D&D 5E Poll: How do you feel about 5e pace of releases?

Is the current pace of releases good for you?

  • It is far too slow

    Votes: 6 6.5%
  • It is somewhat slow

    Votes: 21 22.8%
  • It is about right

    Votes: 46 50.0%
  • It is somewhat fast

    Votes: 16 17.4%
  • It is far too fast

    Votes: 3 3.3%

Parmandur

Book-Friend
no, you cannot really assume either for certain, I am just leaning more towards the increased output being the result of declining sales.

Isn’t that also how Ben Riggs tells it?

To me there is no doubt that you can flood the market beyond what is reasonable and 2e to 4e did so
Ni, I am not assuming causation. But there is a correlation: sometimes that means causation, sometimes not. But it raises the question.
 

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Echohawk

Shirokinukatsukami fan
Furthermore, folks making melodramatic comparisons to the TSR-driven mega-glut are simply incorrect. Every edition has had a lower average publication rate than that, much lower. Indeed, from what I'm seeing, every WotC edition has had a lower average publication rate than the one that came before.
Not quite, 3.0 edition also had a relatively low product count. 1st edition is also an oddity since the release pace changed quite a bit between 1977 and 1988 and that bit of the graph includes B/X and BECMI products.

Ignoring original D&D, B/X and BECMI releases, I'd estimate the order as:
2e > 3.5e > 4e > 3e > 1e > 5e.
 

Parmandur

Book-Friend
Not quite, 3.0 edition also had a relatively low product count. 1st edition is also an oddity since the release pace changed quite a bit between 1977 and 1988 and that bit of the graph includes B/X and BECMI products.

Ignoring original D&D, B/X and BECMI releases, I'd estimate the order as:
2e > 3.5e > 4e > 3e > 1e > 5e.
3E has a dip there, but that dip is still higher than anything prior to 1983 or anything in the 5E era. Starting in 1983, 1E and BECMI (B/X beinf depreciated at that exact point of acceleration).really start ramping up the product line...but that's exactly when sales crateree for TSR and never recovered...as they kept accelerating into the turn.
 


Imo they're too slow with their releases.

I don't personally care about more crunch, but I want them to provide more optional/modular things. A good system for ships. A good system for domain management. A good system for spelljammers.
 

I certainly see no causation there, if anything it is the reverse. To stave off the declining total sales they release more products in hope of attracting buyers.

Who knows, if TSR could do basic accounting, it might even have worked, but selling products below cost without even realizing it is not a viable approach, no matter how many releases you have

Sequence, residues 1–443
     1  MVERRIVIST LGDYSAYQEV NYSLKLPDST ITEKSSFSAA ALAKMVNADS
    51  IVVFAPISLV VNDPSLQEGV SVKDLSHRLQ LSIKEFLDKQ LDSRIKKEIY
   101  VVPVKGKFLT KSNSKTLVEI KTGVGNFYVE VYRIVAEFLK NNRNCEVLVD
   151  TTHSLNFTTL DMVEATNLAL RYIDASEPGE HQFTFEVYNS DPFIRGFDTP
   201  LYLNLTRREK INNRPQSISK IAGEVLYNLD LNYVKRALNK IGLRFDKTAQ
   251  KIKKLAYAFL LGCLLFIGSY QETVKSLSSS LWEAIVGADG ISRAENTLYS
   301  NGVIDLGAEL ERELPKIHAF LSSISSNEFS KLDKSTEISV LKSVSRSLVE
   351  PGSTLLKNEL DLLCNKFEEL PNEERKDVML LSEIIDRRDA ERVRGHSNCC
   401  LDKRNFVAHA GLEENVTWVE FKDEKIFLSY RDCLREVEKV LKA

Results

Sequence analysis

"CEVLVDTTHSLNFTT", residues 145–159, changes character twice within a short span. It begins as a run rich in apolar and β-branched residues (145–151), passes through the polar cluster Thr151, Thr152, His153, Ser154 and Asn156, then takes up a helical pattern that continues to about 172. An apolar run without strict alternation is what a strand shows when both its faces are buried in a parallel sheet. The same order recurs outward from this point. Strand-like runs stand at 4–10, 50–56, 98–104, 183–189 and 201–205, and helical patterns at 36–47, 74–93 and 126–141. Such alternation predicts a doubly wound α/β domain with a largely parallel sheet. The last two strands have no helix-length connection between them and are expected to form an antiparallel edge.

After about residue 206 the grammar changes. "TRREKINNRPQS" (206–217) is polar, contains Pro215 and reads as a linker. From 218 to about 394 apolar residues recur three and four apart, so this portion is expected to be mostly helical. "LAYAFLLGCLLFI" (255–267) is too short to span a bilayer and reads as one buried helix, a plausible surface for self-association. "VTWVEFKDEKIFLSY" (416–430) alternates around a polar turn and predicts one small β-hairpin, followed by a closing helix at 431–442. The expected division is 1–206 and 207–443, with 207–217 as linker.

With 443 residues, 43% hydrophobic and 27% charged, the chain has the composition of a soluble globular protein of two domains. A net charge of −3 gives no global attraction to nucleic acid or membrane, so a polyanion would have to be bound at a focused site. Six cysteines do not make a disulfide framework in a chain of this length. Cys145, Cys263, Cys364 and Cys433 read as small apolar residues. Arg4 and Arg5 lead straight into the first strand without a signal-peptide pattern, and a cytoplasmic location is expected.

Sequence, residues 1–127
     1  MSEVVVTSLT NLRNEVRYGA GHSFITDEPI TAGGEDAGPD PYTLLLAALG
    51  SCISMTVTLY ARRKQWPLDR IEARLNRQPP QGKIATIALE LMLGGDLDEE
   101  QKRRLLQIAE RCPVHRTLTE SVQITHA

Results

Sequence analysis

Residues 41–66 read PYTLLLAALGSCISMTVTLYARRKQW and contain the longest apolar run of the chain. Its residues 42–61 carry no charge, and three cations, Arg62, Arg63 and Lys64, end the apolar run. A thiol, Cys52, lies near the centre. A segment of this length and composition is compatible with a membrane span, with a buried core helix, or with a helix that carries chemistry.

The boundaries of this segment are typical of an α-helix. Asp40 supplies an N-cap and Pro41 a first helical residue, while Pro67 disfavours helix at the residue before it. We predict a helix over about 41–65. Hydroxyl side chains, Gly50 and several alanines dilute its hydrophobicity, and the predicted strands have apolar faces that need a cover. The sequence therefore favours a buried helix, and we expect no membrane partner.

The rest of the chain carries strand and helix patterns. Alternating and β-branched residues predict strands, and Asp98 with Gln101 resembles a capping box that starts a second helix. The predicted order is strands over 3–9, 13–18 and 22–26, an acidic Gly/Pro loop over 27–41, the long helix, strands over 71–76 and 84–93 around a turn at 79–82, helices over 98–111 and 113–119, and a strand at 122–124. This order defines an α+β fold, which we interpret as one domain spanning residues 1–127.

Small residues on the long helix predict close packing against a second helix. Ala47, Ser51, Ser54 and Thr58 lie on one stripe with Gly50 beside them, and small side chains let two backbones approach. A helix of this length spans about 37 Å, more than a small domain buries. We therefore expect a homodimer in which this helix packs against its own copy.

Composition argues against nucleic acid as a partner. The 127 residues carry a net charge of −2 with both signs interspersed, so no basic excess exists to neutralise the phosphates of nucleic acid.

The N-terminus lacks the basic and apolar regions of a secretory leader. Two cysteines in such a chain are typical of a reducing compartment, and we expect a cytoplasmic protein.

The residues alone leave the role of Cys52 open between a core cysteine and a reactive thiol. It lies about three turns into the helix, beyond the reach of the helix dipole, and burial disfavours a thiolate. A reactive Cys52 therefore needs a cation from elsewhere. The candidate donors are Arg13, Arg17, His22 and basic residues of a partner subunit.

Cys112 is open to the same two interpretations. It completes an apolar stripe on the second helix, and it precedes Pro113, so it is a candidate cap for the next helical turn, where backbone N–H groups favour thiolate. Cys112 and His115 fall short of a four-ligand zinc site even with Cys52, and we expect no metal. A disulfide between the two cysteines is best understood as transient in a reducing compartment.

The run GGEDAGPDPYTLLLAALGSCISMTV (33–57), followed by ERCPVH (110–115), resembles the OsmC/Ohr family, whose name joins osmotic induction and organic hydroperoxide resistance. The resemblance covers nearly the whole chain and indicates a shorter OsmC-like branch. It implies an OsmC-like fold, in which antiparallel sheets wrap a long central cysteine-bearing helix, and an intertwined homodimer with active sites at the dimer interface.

What is clear is that there is such a thing as too many releases, and that 5e is below that threshold ;)
You can make the argument Paizo is currently running the same strategy, except they seem to be able to manage basic accounting to not lose money on what they’re selling. Given their founder Lisa Stevens was the one who performed the autopsy on TSR’s financials during the purchase, I’m sure this point stuck as a reason they were in the position they were in.

I think WotC could probably release an extra book or two per year with no problem. Every book doesn’t need to appeal to every player, so widening their net just a little bit could help attract more players. It would be interesting to see if the backlog creating a bit of a flood of books these past few months shows WotC people are ok buying books if they’re released this quickly. Given the average Americans ability to save money, it’s not like most people saw the upcoming release schedule and saved their money to plan for it.
 

Echohawk

Shirokinukatsukami fan
3E has a dip there, but that dip is still higher than anything prior to 1983 or anything in the 5E era.
Indeed. It's perhaps worth noting that 5e is the first edition that doesn't have some form of additional content being published in magazine format*. A detailed analysis of the total number of pages of game content put out per year including that is left as an exercise for the reader :D

*Ignoring Dragon+ which typically didn't have a lot of new game content.
 

EzekielRaiden

Follower of the Way
Not quite, 3.0 edition also had a relatively low product count. 1st edition is also an oddity since the release pace changed quite a bit between 1977 and 1988 and that bit of the graph includes B/X and BECMI products.

Ignoring original D&D, B/X and BECMI releases, I'd estimate the order as:
2e > 3.5e > 4e > 3e > 1e > 5e.
I was treating 3.5e and 3e as one edition, since realistically they are (much as 5.5e and 5.0 will be).
 

Parmandur

Book-Friend
Indeed. It's perhaps worth noting that 5e is the first edition that doesn't have some form of additional content being published in magazine format*. A detailed analysis of the total number of pages of game content put out per year including that is left as an exercise for the reader :D

*Ignoring Dragon+ which typically didn't have a lot of new game content.
OTOHz no other edition had the Wild West of DMs Guild publication, which serves a lot of the same functionality as a magazine would.
 


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